2. Travel Guide
Ability to search places outside my geographical reach in order to add them to my To-Do List. In that way I can better plan my trip and save both time and Kilobytes while out of town exploring new cities.
3. Check-ins Abroad
Light version of check-in, preferably with automatic roaming detection. Even if the amount of data isn’t overwhelming, every Kilobyte still counts, and I really don’t have to know the Mayor or who’s there prior my check-in. Just let me check-in and give me an option to fetch the additional data in next step. That way, I’d be checking in even more frequently when abroad.
SXSW 2011 and The State of SoLoMo, Gaming and Group Messaging
It’s not only Foursquare that has been pushing the midnight oil lately. There doesn’t seem to be a single social / mobile / location / gaming / group messaging app or service that hasn’t launched this week, prior, or at SXSW. It’s kinda like the week before Christmas when term sheets are being signed faster than one can refresh the TechCrunch feed.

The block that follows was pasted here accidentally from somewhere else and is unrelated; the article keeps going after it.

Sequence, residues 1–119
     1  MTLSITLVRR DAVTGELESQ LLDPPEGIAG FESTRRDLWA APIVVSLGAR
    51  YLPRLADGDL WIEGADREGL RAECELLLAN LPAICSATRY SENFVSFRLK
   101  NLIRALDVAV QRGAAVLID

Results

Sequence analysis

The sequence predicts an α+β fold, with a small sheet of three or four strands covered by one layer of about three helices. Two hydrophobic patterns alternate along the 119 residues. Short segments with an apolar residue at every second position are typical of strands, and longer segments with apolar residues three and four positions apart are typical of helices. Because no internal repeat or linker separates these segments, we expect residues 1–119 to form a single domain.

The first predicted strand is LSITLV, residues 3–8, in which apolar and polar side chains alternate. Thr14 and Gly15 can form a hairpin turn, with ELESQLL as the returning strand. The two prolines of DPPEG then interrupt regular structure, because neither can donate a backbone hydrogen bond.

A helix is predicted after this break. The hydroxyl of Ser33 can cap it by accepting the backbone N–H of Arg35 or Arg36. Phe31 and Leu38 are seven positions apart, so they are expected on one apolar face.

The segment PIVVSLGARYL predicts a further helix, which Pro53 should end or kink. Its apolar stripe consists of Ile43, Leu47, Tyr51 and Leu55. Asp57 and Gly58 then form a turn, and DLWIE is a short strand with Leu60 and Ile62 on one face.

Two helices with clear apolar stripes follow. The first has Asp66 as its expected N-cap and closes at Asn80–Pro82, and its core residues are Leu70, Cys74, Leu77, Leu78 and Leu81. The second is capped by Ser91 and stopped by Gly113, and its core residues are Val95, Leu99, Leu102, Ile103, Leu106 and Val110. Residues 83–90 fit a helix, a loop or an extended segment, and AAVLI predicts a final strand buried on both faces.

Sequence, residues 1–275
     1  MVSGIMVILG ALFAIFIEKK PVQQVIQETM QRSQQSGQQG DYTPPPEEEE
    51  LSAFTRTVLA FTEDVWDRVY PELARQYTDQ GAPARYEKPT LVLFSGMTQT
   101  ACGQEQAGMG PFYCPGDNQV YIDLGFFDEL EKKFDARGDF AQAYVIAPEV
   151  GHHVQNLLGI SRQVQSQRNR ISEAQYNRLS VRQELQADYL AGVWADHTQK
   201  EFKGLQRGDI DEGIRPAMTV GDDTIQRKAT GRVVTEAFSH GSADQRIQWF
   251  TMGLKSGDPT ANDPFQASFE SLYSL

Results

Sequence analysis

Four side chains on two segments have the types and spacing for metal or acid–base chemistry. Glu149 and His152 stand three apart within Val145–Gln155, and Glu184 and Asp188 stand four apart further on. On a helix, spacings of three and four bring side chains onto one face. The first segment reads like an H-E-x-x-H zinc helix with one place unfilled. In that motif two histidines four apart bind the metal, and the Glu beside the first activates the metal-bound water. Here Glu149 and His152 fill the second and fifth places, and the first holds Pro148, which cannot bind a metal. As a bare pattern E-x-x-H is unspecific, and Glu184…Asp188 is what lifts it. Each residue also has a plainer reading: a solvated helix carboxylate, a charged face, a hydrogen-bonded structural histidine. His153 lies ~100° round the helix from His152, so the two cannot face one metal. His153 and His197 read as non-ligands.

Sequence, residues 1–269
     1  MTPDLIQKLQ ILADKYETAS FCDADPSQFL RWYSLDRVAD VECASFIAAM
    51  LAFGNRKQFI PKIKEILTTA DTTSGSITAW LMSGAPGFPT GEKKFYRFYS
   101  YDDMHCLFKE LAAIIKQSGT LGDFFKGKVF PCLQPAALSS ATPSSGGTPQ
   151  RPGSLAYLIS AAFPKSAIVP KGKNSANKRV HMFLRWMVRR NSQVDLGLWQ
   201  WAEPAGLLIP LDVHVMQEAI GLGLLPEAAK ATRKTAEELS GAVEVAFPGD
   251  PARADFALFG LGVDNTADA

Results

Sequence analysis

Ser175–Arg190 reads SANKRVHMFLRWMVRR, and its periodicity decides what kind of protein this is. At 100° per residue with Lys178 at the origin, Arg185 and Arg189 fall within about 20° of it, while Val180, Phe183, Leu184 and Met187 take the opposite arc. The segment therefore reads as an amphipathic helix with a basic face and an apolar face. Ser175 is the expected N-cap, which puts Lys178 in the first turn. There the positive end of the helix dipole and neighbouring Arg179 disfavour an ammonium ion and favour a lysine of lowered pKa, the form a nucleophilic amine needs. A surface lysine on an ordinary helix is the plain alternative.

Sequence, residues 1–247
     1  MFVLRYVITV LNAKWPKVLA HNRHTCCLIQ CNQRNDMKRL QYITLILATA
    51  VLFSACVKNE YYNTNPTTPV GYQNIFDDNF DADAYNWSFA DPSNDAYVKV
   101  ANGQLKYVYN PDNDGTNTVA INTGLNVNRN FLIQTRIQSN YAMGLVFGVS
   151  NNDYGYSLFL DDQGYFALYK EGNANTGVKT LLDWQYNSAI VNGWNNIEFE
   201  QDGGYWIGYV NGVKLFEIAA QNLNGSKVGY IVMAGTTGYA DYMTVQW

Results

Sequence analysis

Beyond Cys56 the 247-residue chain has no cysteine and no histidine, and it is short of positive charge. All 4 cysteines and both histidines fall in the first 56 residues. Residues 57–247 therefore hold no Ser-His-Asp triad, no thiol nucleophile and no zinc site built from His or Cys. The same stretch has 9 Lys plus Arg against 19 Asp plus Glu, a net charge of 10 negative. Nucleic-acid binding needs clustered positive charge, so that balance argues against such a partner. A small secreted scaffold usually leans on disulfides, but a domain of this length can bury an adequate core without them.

Compared to this year’s lineup at SXSW, last year’s expected location wars at SXSW now seem like a Sunday School gathering. Facebook added Deals in Januari to complement Places, Google is getting back in the game with Latitude and Hotpot, having appointed Marissa Mayer as head of location and local services, experimenting with loyalty-based check-in rewards on Latitude at SXSW as we speak.
Mobile gaming is spreading into real-time and location with new games like Shadow Cities, a location-based MMORPG by Finnish startup Grey Area, putting people in a game-like environment using real-life locations.